Ladder fire truck helps BPS

Published 10:21 am Friday, January 27, 2012

On Tuesday, BPS officers—who are trained as both policemen and firefighters—took turns riding in a bucket attached to the end of a ladder that can be extended out to 104 feet from the fire truck. In this image, you can see one officer in the bucket, another operating the ladder’s controls and another observing as a safety precaution.

Bainbridge Public Safety officers got a view from up high this week as they trained on the operation of a fire truck equipped with an 104-foot extendable ladder.

The training took place Tuesday in the parking lot of the old K-Mart, next to BPS headquarters on Shotwell Street.

The City of Bainbridge acquired the ladder-equipped fire truck in 2009, after an ISO insurance study recommended its purchase could help Bainbridge Public Safety officers in the event of a fire at any of approximately a dozen large buildings within the city. The $800,000 truck could be used to fight fires at tall or large buildings, such as shopping centers or industrial facilities.

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Buildings that are three or more stories in height or are large enough that firefighters would have to use more than 3,500 gallons of water per minute would require firefighters to use a ladder truck, City Manager Chris Hobby said previously.

The ladder can be extended both horizontally and vertically and rotated, making the ladder potentially useful for fighting fires downhill of the truck or even for water rescues, said a representative with Rosenbauer, the truck’s Minnesota-based manufacturer. The ladder truck can also serve as a tanker truck, allowing other fire trucks to hook into its ample water supply.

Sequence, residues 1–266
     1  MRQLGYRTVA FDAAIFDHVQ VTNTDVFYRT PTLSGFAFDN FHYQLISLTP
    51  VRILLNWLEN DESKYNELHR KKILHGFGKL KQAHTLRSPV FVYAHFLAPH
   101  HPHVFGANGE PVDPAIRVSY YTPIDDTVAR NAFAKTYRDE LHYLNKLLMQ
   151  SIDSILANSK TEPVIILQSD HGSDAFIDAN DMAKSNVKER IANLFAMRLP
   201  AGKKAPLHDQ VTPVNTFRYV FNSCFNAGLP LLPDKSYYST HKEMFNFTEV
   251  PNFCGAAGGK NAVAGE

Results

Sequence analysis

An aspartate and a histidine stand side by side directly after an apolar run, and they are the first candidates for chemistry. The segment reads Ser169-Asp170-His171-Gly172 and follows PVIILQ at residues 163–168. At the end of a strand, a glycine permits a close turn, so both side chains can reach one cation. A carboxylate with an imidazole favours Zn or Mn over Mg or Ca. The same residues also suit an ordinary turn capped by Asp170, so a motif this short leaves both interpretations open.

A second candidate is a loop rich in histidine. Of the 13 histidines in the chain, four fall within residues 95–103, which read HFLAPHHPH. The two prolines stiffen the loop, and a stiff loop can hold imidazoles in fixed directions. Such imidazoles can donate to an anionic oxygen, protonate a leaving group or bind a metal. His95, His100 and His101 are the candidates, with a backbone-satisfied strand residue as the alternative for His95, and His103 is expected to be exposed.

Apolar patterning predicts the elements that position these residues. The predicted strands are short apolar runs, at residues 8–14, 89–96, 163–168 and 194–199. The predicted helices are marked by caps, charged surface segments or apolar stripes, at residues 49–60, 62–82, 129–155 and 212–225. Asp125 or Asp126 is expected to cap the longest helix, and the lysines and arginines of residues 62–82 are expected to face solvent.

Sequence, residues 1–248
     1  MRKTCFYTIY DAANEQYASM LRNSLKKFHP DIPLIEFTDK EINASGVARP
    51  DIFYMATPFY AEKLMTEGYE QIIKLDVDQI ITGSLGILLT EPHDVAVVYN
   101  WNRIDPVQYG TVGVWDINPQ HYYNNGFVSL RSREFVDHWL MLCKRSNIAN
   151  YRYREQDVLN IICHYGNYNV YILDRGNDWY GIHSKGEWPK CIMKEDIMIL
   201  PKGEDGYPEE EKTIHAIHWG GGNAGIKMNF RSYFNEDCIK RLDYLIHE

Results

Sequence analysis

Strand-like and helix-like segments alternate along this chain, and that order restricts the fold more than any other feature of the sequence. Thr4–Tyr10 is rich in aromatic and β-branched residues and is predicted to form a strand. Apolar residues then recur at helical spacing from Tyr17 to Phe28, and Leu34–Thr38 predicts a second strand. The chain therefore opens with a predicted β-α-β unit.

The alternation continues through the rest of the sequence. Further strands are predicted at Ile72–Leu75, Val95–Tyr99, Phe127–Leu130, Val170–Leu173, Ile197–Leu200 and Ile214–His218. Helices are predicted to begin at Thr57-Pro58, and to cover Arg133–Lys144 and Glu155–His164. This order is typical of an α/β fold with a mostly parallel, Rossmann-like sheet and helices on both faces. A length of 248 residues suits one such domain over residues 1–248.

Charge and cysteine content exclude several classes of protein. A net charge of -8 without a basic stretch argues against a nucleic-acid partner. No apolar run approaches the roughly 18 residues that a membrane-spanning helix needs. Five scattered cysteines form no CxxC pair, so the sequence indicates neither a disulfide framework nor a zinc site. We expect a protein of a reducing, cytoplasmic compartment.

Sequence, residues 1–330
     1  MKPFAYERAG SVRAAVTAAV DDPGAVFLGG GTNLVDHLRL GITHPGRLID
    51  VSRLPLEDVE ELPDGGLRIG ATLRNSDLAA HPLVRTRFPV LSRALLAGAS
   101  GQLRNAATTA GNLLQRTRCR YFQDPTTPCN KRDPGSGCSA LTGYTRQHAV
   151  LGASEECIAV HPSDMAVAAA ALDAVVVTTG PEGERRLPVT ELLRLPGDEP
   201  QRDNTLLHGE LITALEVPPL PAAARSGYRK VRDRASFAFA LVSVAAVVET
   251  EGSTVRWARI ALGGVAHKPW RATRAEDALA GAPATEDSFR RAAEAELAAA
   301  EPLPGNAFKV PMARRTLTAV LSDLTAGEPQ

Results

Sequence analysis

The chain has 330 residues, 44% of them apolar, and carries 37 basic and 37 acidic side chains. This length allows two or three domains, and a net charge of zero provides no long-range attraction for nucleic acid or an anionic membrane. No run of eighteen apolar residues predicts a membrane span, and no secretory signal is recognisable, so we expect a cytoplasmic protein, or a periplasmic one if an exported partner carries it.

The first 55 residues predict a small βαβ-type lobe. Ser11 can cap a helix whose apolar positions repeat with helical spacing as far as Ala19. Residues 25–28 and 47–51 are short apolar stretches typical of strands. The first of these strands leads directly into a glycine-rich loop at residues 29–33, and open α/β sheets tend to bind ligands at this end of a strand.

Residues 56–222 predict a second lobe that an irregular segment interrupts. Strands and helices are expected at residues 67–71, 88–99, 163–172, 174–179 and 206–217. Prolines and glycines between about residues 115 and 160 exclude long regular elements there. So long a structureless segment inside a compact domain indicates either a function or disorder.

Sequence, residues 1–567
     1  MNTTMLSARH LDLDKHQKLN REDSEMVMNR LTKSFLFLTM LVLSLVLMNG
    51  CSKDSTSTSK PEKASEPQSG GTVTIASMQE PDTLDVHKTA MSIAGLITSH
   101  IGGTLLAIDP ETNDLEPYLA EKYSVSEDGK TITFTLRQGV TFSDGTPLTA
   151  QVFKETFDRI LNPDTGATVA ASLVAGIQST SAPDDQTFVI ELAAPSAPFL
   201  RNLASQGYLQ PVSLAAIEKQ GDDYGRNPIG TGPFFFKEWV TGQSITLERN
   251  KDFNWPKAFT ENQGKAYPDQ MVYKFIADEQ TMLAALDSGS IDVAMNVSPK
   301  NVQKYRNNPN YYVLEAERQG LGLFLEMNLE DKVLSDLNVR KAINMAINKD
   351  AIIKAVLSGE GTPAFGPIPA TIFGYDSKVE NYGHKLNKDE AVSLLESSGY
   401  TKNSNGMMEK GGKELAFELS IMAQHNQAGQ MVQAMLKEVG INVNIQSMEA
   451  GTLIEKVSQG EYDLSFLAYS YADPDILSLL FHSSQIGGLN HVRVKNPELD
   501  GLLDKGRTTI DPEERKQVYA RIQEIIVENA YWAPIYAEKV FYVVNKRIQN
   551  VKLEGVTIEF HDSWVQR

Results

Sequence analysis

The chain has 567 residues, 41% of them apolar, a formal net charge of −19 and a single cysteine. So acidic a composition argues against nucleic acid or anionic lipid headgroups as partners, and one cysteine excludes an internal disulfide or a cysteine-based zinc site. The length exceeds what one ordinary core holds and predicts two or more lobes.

On Tuesday, the officers were learning about all the aspects of the truck’s operation: they took turns riding in the bucket attached to the end of the ladder, practiced controlling the ladder and learned how to deploy the mechanical jacks that extend from the truck and help keep it from tipping over while the ladder is being extended.

“We’ve been training all the officers at the rank of Corporal or higher, with the idea that they can pass on what they learned to the other officers on their shift,” said Capt. Ryan Wimberley, the training officer at BPS. “Some of the main things officers need to know about the truck relate to its weight, load limit and stability. There are certain distances and angles that the ladder is capable of being deployed to safely and other combinations that you would want to avoid.”

Since they could be up in the air as high as 10 building stories while they are in the ladder’s bucket, the officers wear a safety harness as a precaution, Wimberley said. A device called a Stokes basket that essentially works like a medical stretcher can be attached to the ladder’s basket, enabling a firefighter to rescue someone from a high-up window and bring them down safely.

The truck can support a weight of 1,000 pounds in the ladder’s bucket, known as its tip load. With water flowing out of the truck, the bucket’s practical weight limit is about 500 pounds, enough to carry two people.

“You hope you won’t have a situation serious enough to use the ladder truck, but when you do, it’s a nice asset to have,” BPS Director Eric Miller said.